Soccer Equipment Guide


SOCCER EQUIPMENT GUIDE and Required Equipment List for the Serious Athlete


Please find information below regarding required and recommended equipment for the serious soccer athlete. To some, equipment in soccer is an afterthought, something you buy on the way to practice with as little thought as a grocery purchase. But, for the serious athlete who understands that gear is where the rubber meets the road, the proper equipment allows the athlete to focus on the game, and not on the elements, or the discomfort of the gear. So, here’s the list, please be sure to read the buying advice for each item at the bottom of the page. Thank you!!

At a minimum, to participate year round, one must have; at least, the Required Equipment purchased AND BROKEN IN prior to the start of training.

*** Required Equipment***
1) Firm/Hard Ground Soccer Shoes
2) Indoor Soccer Shoes
3) Shinguards

** Very Strongly Recommended Equipment **
1) Superfeet Premium Insoles
2) Slide Sandals
3) Compression Shorts
4) 2 Liter Water Jug, labeled with player name
5) Running Shoes

* Recommended Equipment to participate year-round *

  • Athletic Bag, dedicated to holding soccer equipment
  • Deep Woods Bug Repellent
  • 30+ spf, sweatproof, Sunscreen
  • Size 5 Soccer Ball, properly inflated
  • Long-sleeve moisture-wicking shirt (Ideally, to match short-sleeve training jersey)
  • Windbreaker
  • Gloves
  • Beanie
  • Heavy Sweatshirt or Moisture-Wicking Fleece
  • Soccer Pants (Tight to the calf, sized to fall at the ankle)
  • Training Suit (Warm Ups)


*** Required Equipment ***

A) Soccer Shoes (often called boots) should be snug without pinching the toes (ie soccer shoes should NOT be as ‘roomy’ as school shoes). Please be sure to try any potential new boots on with both very-thin, no-show, ankle socks as well as with ‘normal’ soccer~game socks, over the ankle socks . Please have the player run around and cut on some carpet to check that the toes do not jam the ends of the shoes. How a soccer player feels in a pair of boots directly reflects how he performs on the field!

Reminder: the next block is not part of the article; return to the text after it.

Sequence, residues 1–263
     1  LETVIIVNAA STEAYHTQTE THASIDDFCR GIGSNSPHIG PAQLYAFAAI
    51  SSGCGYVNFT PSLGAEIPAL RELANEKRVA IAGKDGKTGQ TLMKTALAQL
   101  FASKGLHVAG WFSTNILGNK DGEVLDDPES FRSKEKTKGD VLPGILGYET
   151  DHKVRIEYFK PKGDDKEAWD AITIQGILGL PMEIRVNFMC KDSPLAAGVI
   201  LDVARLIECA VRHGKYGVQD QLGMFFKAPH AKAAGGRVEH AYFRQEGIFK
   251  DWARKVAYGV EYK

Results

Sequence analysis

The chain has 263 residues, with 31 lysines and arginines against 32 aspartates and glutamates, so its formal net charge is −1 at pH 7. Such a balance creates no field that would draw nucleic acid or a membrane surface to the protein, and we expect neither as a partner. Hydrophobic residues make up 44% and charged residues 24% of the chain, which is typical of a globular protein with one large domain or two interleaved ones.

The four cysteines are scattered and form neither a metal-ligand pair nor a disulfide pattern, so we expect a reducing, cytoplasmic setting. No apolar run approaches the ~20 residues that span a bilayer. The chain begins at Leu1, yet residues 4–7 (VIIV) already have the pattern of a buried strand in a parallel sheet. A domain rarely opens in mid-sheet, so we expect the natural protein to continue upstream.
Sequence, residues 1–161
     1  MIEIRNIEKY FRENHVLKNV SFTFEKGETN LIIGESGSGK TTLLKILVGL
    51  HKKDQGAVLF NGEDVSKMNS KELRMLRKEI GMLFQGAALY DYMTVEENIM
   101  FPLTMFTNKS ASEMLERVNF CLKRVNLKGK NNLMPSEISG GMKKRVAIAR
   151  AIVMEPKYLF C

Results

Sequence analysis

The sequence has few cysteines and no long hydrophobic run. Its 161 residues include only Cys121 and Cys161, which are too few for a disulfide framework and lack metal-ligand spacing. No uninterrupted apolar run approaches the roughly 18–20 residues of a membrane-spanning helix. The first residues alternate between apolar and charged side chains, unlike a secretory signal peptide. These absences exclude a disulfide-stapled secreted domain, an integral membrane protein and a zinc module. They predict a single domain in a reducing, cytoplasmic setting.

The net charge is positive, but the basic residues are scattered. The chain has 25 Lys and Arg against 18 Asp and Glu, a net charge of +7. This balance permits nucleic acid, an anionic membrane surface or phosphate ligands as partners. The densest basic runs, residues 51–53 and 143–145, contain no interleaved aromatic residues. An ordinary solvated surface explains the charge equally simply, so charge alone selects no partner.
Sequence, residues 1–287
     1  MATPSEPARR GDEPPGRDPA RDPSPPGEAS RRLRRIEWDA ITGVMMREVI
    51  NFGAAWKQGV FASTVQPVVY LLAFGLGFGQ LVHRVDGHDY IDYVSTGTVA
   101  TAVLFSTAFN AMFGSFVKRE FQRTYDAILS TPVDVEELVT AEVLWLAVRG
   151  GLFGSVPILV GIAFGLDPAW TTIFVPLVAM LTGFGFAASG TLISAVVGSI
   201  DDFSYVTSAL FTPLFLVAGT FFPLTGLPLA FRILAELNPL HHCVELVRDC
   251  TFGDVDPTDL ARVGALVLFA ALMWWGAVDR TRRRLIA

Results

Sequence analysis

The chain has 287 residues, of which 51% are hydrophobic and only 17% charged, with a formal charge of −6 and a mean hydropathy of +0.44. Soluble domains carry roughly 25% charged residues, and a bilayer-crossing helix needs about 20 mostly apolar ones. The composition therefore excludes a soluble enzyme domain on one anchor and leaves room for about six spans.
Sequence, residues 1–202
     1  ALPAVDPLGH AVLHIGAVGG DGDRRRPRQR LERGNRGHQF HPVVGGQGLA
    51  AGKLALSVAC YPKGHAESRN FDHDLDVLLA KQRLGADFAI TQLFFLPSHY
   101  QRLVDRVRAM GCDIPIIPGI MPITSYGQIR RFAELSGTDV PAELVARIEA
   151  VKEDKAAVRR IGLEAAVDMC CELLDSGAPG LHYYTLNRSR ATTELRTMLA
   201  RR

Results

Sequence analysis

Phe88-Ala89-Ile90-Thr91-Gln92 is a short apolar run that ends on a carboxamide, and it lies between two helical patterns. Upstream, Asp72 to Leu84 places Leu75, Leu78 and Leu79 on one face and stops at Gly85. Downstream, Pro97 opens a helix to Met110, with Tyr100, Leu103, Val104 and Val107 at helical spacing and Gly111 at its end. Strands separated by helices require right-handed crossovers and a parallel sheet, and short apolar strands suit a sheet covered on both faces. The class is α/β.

B) Please do not wait to purchase shoes! Inventories are always depleted immediately prior to the season of use (ie indoors are low in November, outdoors are low in late winter/summer), whether you’re shopping locally (eg: Dick’s) or online (eg: If you shop online, please be sure to order (3) sizes of the SAME shoe (that’s the size you think you will need as well as ½ size up and down) and then just return the ones you don’t want – – – If you use, they usually send a return shipping label, which if used, will only cost approximately $6, which may well be worth the trade off for inventory availability.

For shoe sizing chart (courtesy of PaylessShoes – please be sure your printer does not “scale down” the printouts, ie it should fit over 2 pages, look for the website link below this one). Please carefully print them out and tape them together per the instructions.  Put on both pairs of socks and measure carefully both feet before determining the most likely size for your player.

C) How much might you spend?  The cheap stuff will not last the season, while the super expensive ‘kangaroo’ leather is overkill, in our opinion. If you can afford it (ie >$50), real leather is a wonderful thing. The new synthetics are great for durability, but they do not mold to the foot as easily (thus, more blistering), and they also tend to hold odor like a sealed Tupperware dish. However, the synthetics are less expensive than their real leather cousins. So, looking at, you’re in the neighborhood of $50-$120+ for a new pair, depending on which type of leather you choose.